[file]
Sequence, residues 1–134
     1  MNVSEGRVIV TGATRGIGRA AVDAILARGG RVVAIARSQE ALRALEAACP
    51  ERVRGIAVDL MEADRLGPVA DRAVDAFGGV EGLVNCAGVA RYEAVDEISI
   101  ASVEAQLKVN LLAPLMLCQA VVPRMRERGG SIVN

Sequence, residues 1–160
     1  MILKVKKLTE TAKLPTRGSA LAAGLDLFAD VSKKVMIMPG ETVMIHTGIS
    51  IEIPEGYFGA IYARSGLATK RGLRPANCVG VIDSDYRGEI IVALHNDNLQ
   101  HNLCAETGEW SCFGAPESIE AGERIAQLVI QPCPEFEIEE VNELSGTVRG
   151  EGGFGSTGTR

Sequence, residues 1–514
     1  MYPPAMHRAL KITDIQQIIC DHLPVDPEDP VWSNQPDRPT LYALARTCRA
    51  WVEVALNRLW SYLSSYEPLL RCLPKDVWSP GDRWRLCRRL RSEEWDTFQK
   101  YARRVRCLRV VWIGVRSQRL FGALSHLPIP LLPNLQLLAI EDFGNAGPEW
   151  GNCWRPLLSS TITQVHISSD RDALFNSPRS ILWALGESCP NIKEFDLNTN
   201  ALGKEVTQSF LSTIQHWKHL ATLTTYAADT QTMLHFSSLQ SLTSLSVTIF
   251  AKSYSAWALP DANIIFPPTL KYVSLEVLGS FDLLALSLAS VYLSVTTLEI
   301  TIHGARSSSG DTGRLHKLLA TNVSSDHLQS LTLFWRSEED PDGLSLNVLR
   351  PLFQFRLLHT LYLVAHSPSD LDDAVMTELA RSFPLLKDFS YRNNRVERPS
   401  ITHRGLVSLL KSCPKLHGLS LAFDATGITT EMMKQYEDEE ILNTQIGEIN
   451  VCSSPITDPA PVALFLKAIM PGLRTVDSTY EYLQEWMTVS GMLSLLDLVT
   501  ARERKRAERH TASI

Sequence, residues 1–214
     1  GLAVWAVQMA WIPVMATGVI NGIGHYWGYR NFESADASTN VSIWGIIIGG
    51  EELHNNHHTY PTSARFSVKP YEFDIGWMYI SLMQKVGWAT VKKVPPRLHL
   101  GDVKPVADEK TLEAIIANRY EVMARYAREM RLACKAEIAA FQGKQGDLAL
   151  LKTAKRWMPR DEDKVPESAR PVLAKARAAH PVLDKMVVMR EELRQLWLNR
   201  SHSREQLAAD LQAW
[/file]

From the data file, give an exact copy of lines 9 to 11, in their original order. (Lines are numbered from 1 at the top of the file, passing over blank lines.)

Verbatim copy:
   151  EGGFGSTGTR

Sequence, residues 1–514
     1  MYPPAMHRAL KITDIQQIIC DHLPVDPEDP VWSNQPDRPT LYALARTCRA